NO LEFT TURN
Collier writes for the Ottawa Citizen. For more of
his articles and insights, he's on the web at http://www.rogercollier.com
congestion is the bane of urban existence. Every city suffers
from it. Every city dweller abhors it. Nobody knows what to
do about it.
smart people, and some politicians, do their best to unclog
their cities. Some enjoy moderate success. Most fail miserably.
there is a solution -- a solution so simple, so inexpensive
and easy to implement, that municipal governments would be foolish
not to consider it. I'm surprised more haven't considered it
already. To cure traffic congestion, cities must forbid drivers
to turn left.
left turn is the plaque in a city's arteries, the hair in its
drain. Wherever two main routes meet, left turns necessitate
advanced green lights. Commuters who are considerate enough
to be travelling straight must wait as left-turners lollygag
through the intersection. On smaller roads, it's even worse.
this: You're driving home after a 10-hour day of memo writing
and handshaking and PowerPointing and whatever else people who
work in tall buildings do. After escaping from the city's core,
you find yourself on a two-lane road. Traffic is heavy, but
moving, and you're making good time. Then, minutes from your
house, it happens -- the left-turn signal on the car ahead starts
stomp on the brakes. The oncoming lane is a river of sedans
and SUVs. The trail of headlights stretches into infinity with
no break in sight. The car ahead just sits there, spewing exhaust,
its turn signal taunting you: blink, blink, blink. Meanwhile,
vehicles are gathering on your rear like two-tonne hemorrhoids.
wait. The muscles in your neck tighten. You wait. Your blood
pressures rises. You wait. Finally, the left-turner sneaks through
a seam in traffic. You continue on, arriving home late -- to
a cold dinner, an angry spouse and children long gone to bed.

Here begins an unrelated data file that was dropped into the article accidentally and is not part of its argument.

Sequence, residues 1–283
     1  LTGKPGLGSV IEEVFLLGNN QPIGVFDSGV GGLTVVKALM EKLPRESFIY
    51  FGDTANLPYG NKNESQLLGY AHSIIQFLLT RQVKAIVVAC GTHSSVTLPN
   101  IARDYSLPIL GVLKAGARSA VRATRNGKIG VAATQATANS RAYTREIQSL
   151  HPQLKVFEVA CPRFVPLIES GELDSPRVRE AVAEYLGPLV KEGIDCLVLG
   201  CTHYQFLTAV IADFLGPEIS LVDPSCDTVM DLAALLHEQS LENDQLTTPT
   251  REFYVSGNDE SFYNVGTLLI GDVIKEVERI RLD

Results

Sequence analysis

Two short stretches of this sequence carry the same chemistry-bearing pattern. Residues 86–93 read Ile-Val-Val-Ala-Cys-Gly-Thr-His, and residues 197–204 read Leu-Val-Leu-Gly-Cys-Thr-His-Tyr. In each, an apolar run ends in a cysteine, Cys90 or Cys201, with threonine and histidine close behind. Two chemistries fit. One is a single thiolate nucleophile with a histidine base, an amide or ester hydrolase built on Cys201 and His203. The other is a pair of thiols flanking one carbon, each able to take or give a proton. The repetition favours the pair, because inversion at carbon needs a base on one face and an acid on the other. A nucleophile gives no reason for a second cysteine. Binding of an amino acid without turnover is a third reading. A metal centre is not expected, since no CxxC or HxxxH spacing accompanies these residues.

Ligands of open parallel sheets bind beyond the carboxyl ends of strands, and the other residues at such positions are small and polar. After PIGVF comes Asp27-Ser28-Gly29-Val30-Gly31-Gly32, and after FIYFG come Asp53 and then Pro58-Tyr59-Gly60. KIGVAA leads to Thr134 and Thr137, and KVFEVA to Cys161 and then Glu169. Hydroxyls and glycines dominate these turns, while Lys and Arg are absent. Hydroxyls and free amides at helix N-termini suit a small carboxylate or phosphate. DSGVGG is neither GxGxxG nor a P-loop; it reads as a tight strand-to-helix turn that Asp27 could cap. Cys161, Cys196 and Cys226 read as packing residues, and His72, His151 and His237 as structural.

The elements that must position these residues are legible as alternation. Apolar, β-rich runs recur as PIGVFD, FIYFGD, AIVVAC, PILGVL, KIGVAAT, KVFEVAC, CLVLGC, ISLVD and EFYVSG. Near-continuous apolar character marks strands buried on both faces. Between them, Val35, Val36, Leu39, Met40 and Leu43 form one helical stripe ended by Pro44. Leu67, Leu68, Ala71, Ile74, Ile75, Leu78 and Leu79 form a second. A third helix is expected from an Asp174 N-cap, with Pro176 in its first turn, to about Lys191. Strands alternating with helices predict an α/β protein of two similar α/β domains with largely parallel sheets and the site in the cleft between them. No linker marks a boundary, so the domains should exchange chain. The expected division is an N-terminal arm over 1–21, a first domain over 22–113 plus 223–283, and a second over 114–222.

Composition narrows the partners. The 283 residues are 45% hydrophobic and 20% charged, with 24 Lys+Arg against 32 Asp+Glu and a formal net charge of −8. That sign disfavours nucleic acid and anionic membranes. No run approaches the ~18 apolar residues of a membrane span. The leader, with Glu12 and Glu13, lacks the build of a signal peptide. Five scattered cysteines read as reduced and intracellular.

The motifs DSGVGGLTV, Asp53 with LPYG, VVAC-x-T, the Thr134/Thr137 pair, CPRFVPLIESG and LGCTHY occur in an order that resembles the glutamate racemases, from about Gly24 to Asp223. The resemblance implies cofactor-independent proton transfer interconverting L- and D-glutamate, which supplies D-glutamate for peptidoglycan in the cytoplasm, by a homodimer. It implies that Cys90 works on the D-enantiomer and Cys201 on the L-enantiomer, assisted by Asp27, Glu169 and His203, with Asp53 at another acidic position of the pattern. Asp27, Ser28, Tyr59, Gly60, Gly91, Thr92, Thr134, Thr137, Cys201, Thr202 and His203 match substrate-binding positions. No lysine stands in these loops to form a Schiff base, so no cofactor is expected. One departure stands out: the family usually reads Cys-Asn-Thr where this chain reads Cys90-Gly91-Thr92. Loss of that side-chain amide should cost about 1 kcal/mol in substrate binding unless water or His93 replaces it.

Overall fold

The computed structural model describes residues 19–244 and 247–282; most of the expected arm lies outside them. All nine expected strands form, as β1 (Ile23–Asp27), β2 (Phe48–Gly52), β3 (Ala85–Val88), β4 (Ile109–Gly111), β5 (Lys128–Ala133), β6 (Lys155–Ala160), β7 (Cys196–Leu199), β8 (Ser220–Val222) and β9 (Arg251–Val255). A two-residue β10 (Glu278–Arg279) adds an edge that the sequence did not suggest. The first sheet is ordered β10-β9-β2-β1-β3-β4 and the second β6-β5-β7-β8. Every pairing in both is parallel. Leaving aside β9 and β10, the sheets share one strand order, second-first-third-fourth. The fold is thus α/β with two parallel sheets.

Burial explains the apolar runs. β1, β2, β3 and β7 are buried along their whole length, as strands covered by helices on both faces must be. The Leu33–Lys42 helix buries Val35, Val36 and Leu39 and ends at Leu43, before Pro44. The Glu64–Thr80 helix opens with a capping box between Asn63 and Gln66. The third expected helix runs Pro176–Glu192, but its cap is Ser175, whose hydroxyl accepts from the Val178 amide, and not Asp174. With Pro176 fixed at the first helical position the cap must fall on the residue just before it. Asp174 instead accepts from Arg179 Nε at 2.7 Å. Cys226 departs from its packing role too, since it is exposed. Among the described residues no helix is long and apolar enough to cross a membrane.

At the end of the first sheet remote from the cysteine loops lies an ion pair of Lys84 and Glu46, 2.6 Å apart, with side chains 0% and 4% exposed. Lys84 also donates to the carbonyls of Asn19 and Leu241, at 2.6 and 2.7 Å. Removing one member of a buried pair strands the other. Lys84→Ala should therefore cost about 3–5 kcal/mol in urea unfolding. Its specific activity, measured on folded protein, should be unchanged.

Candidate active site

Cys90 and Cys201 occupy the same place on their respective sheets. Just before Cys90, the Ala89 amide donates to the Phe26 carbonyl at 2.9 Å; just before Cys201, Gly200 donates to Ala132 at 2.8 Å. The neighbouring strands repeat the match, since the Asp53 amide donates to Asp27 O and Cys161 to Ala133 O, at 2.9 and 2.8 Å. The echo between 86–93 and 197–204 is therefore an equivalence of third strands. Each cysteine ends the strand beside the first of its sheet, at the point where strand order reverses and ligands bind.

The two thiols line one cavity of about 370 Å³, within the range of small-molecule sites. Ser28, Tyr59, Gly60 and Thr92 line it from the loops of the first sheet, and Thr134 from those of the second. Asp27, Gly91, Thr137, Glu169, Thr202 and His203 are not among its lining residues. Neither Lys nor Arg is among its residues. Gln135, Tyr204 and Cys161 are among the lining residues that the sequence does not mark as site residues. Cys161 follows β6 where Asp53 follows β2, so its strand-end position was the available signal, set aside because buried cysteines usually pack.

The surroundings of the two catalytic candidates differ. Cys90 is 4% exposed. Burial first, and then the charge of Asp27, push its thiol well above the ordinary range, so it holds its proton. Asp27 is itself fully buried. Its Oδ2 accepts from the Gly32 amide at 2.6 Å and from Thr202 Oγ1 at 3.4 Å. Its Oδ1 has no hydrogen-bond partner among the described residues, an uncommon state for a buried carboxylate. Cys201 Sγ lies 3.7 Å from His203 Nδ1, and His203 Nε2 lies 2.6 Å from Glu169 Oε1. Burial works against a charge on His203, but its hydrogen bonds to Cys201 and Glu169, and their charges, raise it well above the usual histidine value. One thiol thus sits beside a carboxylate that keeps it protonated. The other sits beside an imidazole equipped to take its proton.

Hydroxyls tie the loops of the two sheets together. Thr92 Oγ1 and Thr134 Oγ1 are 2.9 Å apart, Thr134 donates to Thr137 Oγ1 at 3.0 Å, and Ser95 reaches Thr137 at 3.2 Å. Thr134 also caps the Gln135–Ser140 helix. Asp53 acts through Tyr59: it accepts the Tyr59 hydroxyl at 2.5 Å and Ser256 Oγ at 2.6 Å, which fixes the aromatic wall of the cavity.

familiar? It shouldn't. Left-turners are choking our streets,
increasing air pollution, giving us hypertension and destroying
our families. They must be stopped.
left turns may seem like a crazy idea, impossible to implement.
Nothing could be further from the truth. The first step in eliminating
left turns is simple: Eliminate the need to turn left.
accomplish this, any facility that provides a vital service
- a school, a hospital, a Tim Hortons - would be relocated to
the right side of its street if not already so located. To the
left of roads, we can place institutions that people rarely
visit, such as gyms and libraries. People who need to cross
the street can do so via pedestrian overpasses or, as they do
in Europe, in hot air balloons.
trucks or other vehicles that require access to left-side buildings
could reach them through underground tunnels. Some might argue
that tunnelling beneath roads would be obscenely expensive.
I might argue that it wouldn't be. So there.
more businesses set up shop to the right of roads, the land
freed on the left could be converted into parks. The parks might
be difficult to access but would look lovely from across the
course, there are bound to be some who oppose a no-left-turn
road system. People more proficient at turning left (those who
wear right-eye patches, for example) would be unhappy. Companies
that make turn signals might eventually lose half their business
and would no doubt cry foul. And the NDP would be outraged if
citizens weren't permitted to go left.
the benefits would be too great to refute. According to my calculations,
which I performed twice, a ban on left turns would reduce commute
times by as much as 35.5 per cent. Or as little as 3.55 per
cent, depending on where you put the decimal point.
per cent of Canadians now live in cities, a percentage that
will only increase in coming decades. That means more traffic
congestion, which will extend commute times beyond the hour
or so Canadians already spend on the road each day.
cities have planned or completed projects intended to relieve
gridlock. Toronto poured millions into new expressways, to little
effect. Ottawa's plans to extend its light rail system never
got off the ground. And who could forget Vancouver's disastrous
public hovercraft system?
won't solve their traffic woes with trains or extra lanes or
a fleet of giant amphibious vehicles. The problem may be complex
but the solution is anything but. To make things right, we have
to stop going left.